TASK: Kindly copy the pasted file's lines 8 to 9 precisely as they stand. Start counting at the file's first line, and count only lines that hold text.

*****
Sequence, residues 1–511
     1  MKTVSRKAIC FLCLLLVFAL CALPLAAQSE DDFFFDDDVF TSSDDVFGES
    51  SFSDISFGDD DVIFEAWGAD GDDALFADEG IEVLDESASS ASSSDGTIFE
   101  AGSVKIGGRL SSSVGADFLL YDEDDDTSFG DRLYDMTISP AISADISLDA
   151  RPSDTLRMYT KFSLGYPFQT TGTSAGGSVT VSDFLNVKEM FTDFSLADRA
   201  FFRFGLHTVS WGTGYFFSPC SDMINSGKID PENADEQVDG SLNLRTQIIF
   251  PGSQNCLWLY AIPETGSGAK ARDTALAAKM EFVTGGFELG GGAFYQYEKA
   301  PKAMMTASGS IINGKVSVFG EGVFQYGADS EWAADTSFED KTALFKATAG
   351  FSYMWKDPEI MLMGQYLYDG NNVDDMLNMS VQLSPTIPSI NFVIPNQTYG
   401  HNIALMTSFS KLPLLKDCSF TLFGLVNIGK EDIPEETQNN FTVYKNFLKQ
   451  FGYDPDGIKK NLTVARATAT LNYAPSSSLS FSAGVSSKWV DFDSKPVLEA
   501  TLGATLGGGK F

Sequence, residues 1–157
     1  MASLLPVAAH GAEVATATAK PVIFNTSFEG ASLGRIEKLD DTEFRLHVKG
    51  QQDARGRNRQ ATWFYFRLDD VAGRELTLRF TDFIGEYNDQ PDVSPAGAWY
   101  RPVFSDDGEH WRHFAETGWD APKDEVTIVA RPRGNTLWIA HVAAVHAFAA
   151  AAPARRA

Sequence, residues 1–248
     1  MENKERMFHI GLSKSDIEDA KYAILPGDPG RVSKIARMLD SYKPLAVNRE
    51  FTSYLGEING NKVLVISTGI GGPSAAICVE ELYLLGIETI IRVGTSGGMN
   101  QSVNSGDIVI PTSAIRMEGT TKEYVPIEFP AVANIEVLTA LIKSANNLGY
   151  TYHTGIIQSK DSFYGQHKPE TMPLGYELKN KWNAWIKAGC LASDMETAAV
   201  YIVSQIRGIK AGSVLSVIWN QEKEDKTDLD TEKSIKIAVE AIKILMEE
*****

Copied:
   301  PKAMMTASGS IINGKVSVFG EGVFQYGADS EWAADTSFED KTALFKATAG
   351  FSYMWKDPEI MLMGQYLYDG NNVDDMLNMS VQLSPTIPSI NFVIPNQTYG